Ah, summer. A time for barbecues, celebration, and lazy days. It’s also a time when editors, managers, and publishers are among those taking vacations. This can mean you won’t get responses to queries or pitches as quickly as before, which can slow things down for your freelancing career.
This slowdown shouldn’t hurt if you prepare in advance. Most seasoned freelancers will tell you to save up for lulls in work because, unfortunately, securing any work in the summer is completely out of your hands when editors are out of the office. Some freelancers have also developed passive streams of income to keep the money coming in but, if you want other options, there are ways to manage.
Aside from saving for the summer slowdown, consider these options to help you stay afloat:
• Teach an online course
• Secure an editing job
• Offer proofreading services
• Become a writing coach
• Offer to spend the summer as a ghostwriter for someone’s blog, book, or website
Meanwhile, use the slowdown of work to your advantage. While the following tasks may not result in income, they can help you prepare for when everybody is back in the office.
1. Submit your work to new markets. When your regular clients are unreachable during the summer, there are other editors, judges, and college staff staying busy. Several contests and anthologies accept submissions, and have deadlines during the summer. You can find these in newsletters like HorrorTree. Duotrope sends out newsletters of markets all year long. And, WritersWeekly features paying markets and jobs for freelance writers every week.
2. Plan ahead. When things get busy again, markets are going to want work several months in advance (Back to School, Christmas, New Year’s, etc.). So, write queries on those topics. Brainstorm for ideas, and write queries for those as well.
3. Take care of your (writing) business. Take advantage of this slowdown to check in with your own business as a writer. Catch up on filing, prepare for tax season, organize your documents, go over your progress, research new markets, etc. Once everything is in order, you’ll be able to hit the ground running when it’s time to get busy again.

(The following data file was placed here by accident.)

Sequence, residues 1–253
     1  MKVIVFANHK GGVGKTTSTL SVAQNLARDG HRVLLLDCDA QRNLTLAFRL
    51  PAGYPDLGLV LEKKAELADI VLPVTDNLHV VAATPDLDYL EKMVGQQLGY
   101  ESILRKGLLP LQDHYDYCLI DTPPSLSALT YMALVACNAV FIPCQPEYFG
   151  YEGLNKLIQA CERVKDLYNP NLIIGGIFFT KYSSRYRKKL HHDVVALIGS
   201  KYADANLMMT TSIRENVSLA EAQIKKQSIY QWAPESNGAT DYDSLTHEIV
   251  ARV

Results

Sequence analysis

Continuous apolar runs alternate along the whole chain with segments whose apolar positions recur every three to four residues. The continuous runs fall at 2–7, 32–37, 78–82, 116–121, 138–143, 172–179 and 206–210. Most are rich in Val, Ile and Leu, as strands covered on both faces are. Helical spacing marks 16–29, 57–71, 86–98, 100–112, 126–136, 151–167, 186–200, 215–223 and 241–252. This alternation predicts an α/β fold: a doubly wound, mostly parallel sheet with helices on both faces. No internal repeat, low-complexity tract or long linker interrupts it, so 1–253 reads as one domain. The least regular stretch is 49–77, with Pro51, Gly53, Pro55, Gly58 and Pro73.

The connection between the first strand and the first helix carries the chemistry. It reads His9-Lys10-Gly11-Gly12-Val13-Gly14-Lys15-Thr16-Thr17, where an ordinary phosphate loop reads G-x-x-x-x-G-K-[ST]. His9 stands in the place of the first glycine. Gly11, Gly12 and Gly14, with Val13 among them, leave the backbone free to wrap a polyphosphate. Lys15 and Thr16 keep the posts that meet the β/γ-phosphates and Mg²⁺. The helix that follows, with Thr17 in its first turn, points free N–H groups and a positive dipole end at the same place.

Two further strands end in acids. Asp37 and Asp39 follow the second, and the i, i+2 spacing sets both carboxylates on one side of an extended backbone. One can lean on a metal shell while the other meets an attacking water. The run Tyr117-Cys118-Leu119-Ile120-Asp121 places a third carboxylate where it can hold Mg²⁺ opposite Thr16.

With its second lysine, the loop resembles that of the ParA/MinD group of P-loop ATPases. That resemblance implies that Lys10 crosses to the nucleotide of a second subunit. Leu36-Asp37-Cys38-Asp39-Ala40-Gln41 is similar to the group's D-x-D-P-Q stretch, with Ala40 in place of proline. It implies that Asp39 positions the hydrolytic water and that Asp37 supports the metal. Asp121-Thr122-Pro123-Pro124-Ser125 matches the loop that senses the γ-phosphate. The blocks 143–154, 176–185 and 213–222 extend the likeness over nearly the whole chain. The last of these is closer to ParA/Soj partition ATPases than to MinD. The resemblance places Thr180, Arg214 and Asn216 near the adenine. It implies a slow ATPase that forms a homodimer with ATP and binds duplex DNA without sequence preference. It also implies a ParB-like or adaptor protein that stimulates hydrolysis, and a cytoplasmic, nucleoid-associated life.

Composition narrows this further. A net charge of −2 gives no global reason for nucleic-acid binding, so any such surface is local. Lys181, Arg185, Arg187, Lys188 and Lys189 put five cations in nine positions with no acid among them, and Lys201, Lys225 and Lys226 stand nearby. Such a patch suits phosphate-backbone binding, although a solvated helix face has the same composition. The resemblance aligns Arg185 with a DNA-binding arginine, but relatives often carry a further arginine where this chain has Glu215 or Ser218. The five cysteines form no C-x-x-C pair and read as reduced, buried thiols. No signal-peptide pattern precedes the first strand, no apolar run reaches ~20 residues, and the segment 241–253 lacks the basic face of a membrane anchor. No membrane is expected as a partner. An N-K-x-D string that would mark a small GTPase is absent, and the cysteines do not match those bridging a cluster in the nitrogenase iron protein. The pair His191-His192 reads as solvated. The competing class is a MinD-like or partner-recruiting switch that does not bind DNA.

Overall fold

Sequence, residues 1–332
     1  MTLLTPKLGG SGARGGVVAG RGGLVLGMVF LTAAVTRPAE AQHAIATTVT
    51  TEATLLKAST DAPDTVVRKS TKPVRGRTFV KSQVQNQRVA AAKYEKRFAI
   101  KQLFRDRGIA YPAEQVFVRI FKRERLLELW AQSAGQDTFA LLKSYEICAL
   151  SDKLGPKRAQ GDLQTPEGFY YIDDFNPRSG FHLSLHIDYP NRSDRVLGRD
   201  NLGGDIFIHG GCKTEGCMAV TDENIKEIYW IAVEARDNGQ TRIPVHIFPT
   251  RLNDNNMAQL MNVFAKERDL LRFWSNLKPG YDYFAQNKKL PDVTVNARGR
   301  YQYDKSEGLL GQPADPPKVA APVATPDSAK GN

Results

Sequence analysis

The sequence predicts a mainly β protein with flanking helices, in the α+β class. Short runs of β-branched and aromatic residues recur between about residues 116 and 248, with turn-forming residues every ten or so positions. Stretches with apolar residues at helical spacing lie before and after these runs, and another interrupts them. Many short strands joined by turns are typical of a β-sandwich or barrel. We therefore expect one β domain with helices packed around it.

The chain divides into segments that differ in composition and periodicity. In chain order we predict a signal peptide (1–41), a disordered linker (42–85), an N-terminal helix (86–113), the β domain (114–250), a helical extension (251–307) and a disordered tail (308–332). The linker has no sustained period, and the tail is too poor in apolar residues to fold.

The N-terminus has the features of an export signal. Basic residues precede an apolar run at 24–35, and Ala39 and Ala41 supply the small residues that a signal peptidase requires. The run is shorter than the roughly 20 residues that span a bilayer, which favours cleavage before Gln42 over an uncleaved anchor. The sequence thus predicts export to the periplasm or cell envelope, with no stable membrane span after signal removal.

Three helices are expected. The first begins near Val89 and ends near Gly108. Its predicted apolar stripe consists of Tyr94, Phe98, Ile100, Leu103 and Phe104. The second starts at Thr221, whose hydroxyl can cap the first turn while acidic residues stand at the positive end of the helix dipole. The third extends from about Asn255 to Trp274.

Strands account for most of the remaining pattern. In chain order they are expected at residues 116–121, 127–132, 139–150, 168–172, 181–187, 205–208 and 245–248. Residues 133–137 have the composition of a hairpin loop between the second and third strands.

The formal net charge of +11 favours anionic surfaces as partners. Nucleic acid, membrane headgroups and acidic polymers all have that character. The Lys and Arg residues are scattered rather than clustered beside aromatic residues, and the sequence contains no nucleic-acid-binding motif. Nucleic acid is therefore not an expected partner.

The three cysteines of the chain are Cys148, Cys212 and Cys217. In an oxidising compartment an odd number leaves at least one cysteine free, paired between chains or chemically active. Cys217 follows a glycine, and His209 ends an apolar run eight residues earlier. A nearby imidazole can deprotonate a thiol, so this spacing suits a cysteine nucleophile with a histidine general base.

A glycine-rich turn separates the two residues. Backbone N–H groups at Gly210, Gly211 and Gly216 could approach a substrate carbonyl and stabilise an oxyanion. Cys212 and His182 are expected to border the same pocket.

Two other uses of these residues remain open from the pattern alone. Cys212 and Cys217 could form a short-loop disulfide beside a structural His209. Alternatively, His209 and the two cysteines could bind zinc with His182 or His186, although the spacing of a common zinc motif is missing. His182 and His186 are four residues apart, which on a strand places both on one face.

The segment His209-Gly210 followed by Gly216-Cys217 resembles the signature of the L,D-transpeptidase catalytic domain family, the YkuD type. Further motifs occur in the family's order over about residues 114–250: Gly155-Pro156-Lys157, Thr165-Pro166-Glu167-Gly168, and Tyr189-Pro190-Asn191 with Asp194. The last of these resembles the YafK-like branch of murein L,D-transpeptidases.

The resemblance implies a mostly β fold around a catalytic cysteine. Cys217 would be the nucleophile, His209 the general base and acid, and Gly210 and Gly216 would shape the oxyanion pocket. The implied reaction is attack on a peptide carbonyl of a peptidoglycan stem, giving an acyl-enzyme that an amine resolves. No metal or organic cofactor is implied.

4. Learn something new. There are always new skills you can bring to your freelance writing. There are free online courses in SEO writing, copywriting, scriptwriting, and even music writing. If you are a freelance writer, consider learning a new niche or trade to help you break into new markets. It never hurts to take a refresher course on a topic you are already an expert in. New and updated knowledge will boost your chances of getting more work and scoring more clients when everybody is back in the office again.
5. Keep writing! No matter what happens, when the work is going well, or not so well, keep writing. The more material you have to bring to the table once vacation season ends, the greater your chances of getting more sales and acceptances right off the bat. You can also use any summer-themed articles or pieces you write to submit to markets looking for such material now.
Most editors and publishers may slow down during the summer, but you should not have to slow down, too. For the freelance writer who prefers to stay busy during the summer, there are definitely ways to be productive, and gear up for when markets are ready for submissions again.
Take advantage of the summer slowdown to keep writing, fine-tune your skills as a writer, and get your business matters in order. Once the summer has come and gone, you’ll thank yourself later for showing up for work better than ever.
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- How To Make Money As A Freelance Tutor – by Louisa Eunice
- Freelancers! Here are 5 Ways to Increase Business During Slow Periods – by Charlotte Grainger
- I HAD to Make MONEY! – How a Family Emergency Helped Me Increase My Writing Income! – by Mariana Abeid-McDougall
Dawn Colclasure is a writer who lives with her husband and children in Oregon. Her articles, essays, poems and short stories have appeared in several newspapers, anthologies, magazines and E-zines. She is the author and co-author of over four dozen books, among them BURNING THE MIDNIGHT OIL: How We Survive as Writing Parents; 365 TIPS FOR WRITERS: Inspiration, Writing Prompts and Beat The Block Tips to Turbo Charge Your Creativity; Love is Like a Rainbow: Poems of Love and Devotion; Parenting Pauses: Life as a Deaf Parent; On the Wings of Pink Angels: Triumph, Struggle and Courage Against Breast Cancer; A Ghost on Every Corner; The Yellow Rose and her latest novel, Imprint. Her websites: https://dawnsbooks.com and https://www.dmcwriter.com
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